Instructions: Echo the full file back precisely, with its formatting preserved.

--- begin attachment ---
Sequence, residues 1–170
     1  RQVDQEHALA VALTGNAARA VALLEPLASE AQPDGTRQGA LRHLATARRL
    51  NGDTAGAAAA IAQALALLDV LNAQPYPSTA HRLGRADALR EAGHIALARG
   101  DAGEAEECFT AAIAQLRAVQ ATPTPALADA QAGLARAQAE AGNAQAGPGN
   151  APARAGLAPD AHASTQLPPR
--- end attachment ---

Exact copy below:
Sequence, residues 1–170
     1  RQVDQEHALA VALTGNAARA VALLEPLASE AQPDGTRQGA LRHLATARRL
    51  NGDTAGAAAA IAQALALLDV LNAQPYPSTA HRLGRADALR EAGHIALARG
   101  DAGEAEECFT AAIAQLRAVQ ATPTPALADA QAGLARAQAE AGNAQAGPGN
   151  APARAGLAPD AHASTQLPPR